Pro-life inspiration sometimes shows up in the strangest places. Opening up an invoice, for example, and finding Mother Teresa’s words about the sanctity of all human life is not your typical workday fare.

But at Messengers International, a Toronto-based courier company, seeking opportunities to share inspiration is but one way to add zest to life’s more mundane activities.

Founded 17 years ago, Messengers International takes seriously its aim to put a more human face on ordinary commercial operations. The company quickly carved out a special niche for itself in the highly competitive courier business. While by no means a big player, Messengers has quietly earned a reputation for going that extra mile in support of its customers. All staff, from inside office workers to the couriers themselves, are encouraged to comport themselves with professionalism and a sense of respect.

Messengers today provides delivery services to local, national and international destinations, with regular, “super rush” and VIP service levels. One way that makes the company stand out from its competitors, however, is a practice begun about 10 years to insert special inspirational messages in invoices.

Company president Frank D’Angelo said the practice has the practical value of making customers look forward to receiving their Messengers bill. At the same time, the messages allow D’Angelo to fulfill a long-standing ambition to promote positive social and pro-life sentiments to the people around him.

“We try to strike a fine balance with our customers,” D’Angelo told The Interim in a recent interview. “We don’t want to scare the customers with hard-hitting messages, but we do try to share our pro-life ideals as best we can.”

The messages are culled from a variety of sources – some from D’Angelo’s fecund imagination, others from faith-based periodicals, or sometimes from internet websites. They are often based on seasonal events such as New Year’s, Mother’s Day or Valentine’s Day, but they are also used to promote special fund-raising efforts embraced by D’Angelo and the Messengers team.

One invoice insert ballooned to an eight-page tribute to Mother Teresa of Calcutta. Eschewing the politically correct line that shirks from any mention of traditional faith, the insert included some of Mother Teresa’s words at the National Prayer Breakfast in Washington, D.C. – “I feel that the greatest destroyer of peace today is abortion, because it is a war against the child, a direct killing of the innocent child, murder by the mother herself. And if we accept that a mother can kill even her own child, how can we tell other people not to kill one another?”

Whatever the source, however, story-laden invoices are certainly unique in today’s service companies. Frank D’Angelo’s pro-life, pro-family sentiments have in fact become as evident as the long, white ponytail he sports in his cramped but cozy office in the heart of Toronto’s financial district. A member of the board of directors at Toronto Right to Life, D’Angelo does his level best to make things a little brighter for his 110 employees and for those dealing with the Messengers team.

While a few customers over the years have objected to the messages, D’Angelo reports that the majority of recipients react positively. “Some have even told me that they look forward to receiving our invoices because they are eager to see what kind of story or message we have cooked up,” he said. “We certainly don’t force these beliefs on our customers, and if one or two customers have objected, we’ve found that over time the messages have had a positive effect.”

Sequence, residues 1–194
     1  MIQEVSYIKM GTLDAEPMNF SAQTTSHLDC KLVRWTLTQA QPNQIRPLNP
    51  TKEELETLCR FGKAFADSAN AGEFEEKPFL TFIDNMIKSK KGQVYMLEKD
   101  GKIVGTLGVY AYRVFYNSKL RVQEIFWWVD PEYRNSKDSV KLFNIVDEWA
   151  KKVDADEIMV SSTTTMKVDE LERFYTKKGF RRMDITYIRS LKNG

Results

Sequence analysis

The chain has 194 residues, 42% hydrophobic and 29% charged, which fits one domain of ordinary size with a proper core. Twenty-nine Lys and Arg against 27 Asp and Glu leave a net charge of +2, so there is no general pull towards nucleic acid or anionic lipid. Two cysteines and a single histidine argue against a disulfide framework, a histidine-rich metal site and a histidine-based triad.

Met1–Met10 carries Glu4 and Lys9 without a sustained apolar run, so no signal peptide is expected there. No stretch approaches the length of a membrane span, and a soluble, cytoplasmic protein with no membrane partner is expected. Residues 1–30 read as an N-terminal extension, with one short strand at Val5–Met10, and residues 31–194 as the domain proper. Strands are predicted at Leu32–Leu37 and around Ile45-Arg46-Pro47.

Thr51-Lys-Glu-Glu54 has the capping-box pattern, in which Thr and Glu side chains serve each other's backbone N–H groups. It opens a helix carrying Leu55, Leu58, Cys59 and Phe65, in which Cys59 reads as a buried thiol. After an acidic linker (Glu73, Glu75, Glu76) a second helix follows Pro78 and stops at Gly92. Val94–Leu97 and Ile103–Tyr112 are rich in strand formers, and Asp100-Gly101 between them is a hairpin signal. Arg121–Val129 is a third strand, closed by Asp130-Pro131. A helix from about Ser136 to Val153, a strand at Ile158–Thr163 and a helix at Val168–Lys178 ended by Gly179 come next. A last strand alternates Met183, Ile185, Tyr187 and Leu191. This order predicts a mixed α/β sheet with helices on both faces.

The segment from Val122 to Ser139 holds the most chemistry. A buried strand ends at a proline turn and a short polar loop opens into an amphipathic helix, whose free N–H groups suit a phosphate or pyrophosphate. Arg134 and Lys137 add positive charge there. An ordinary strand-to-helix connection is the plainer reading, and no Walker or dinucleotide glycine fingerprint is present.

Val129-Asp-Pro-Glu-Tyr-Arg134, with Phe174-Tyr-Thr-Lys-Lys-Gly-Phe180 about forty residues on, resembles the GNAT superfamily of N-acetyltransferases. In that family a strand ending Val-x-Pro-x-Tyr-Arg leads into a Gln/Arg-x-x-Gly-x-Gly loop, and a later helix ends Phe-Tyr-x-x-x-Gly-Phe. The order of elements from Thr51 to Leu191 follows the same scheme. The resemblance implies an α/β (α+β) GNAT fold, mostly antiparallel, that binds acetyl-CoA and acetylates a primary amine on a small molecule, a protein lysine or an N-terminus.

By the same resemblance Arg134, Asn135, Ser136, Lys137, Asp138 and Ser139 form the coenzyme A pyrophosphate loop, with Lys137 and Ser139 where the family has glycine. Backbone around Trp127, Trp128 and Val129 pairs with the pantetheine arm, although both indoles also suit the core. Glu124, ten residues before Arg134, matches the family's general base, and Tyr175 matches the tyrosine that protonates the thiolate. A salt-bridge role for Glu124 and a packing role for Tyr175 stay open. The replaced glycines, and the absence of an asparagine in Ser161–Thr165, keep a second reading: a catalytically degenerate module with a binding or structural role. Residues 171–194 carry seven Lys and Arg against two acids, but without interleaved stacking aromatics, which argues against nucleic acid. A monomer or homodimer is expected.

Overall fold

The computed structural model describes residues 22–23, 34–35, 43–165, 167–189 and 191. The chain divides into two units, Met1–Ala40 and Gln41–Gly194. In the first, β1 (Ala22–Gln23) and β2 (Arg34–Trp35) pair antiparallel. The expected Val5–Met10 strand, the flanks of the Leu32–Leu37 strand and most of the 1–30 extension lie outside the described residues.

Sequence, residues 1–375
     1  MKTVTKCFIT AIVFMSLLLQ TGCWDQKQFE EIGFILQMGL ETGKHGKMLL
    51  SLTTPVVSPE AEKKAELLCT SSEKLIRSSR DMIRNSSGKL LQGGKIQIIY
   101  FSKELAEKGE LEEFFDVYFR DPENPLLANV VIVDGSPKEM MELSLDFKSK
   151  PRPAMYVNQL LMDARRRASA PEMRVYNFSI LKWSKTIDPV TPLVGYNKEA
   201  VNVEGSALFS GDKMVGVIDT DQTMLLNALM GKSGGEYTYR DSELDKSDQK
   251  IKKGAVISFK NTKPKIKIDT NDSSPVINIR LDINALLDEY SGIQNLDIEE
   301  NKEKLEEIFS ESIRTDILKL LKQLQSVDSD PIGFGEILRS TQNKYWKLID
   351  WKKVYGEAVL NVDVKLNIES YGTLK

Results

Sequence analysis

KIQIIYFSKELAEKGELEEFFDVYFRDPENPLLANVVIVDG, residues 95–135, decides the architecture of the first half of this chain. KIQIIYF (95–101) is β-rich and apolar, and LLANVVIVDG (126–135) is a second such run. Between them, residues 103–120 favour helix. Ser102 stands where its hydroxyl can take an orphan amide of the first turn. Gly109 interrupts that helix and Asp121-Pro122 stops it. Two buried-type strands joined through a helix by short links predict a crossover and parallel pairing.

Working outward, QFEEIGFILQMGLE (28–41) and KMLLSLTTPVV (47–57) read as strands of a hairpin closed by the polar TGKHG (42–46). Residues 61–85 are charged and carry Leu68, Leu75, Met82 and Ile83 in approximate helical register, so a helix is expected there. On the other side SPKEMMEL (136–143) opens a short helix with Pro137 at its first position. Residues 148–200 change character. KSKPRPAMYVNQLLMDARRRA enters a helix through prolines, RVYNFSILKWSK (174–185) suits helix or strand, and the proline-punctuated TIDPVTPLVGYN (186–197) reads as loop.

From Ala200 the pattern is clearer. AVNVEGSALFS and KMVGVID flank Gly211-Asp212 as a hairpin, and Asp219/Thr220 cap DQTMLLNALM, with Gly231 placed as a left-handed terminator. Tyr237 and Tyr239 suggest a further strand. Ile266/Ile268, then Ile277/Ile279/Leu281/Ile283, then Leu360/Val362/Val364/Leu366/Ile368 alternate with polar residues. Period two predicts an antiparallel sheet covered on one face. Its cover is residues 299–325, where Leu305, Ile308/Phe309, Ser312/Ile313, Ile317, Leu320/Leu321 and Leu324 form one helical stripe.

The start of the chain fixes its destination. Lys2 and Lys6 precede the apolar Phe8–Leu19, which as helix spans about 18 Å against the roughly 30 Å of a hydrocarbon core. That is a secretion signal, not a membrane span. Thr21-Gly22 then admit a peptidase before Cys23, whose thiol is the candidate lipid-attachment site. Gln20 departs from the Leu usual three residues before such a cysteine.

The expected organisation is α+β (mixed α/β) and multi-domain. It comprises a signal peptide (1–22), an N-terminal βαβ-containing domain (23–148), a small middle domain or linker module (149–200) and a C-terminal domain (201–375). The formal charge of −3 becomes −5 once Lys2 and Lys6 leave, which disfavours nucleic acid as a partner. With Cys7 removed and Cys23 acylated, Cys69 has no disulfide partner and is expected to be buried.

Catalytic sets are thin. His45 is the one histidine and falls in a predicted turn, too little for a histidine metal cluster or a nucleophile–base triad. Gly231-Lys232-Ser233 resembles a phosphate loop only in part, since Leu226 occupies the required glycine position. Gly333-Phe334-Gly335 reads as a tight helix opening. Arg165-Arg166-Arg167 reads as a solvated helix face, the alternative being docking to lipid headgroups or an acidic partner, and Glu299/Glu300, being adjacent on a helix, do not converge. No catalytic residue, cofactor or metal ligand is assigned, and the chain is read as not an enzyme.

But if the inserts have a novelty or curiosity value, the have also become D’Angelo’s way of doing something more meaningful in the workplace, and for those he comes in contact with through Messengers International. “I see it as my small way to make a difference in people’s lives,” D’Angelo said. “If we can plant a few seeds about the sanctity of life, then I believe it will be more worthwhile.”

To that end, D’Angelo is replete with ideas about using his customer network to promote awareness of charities or even to raise money on their behalf. Some of the target agencies, such as Rosalie Hall and Aid to Women, are well known to Canada’s pro-life community. D’Angelo’s philanthropy however, is not limited to front-line, pro-life organizations. His vision to make a positive difference goes far beyond the business bottom line.

During the 1980s, D’Angelo took time away from Messengers International to show his support for Operation Rescue activities, and for the last dozen years or so, he has traveled down to Washington, D.C. in January to participate in the national March for Life. Despite these activities, the insert project and his fund-raising ambitions for various charities, D’Angelo sometimes wonders if he is doing enough to promote a culture of life.

But if the individual is often his or her own worst critic, it is wise to look to anyone to provide perspective. Natalie Hudson, executive director of Toronto Right to Life, might dispute D’Angelo’s suggestion that he isn’t doing enough. His twice-monthly messages, she says, help, uplift, inspire and make people think about what is truly good and right. “He is deeply committed to what is good, just, noble and right. He has been on the board of Toronto Right to Life for over 10 years, has been to practically every March for Life in Canada and the U.S. for as many years, and has stuck with the movement through thick and thin. He has put his money where his mouth is and has given generously of his own financial resources to the movement. I can quite honestly say that if we had more Frank D’Angelos in the world, there wouldn’t be an abortion problem.”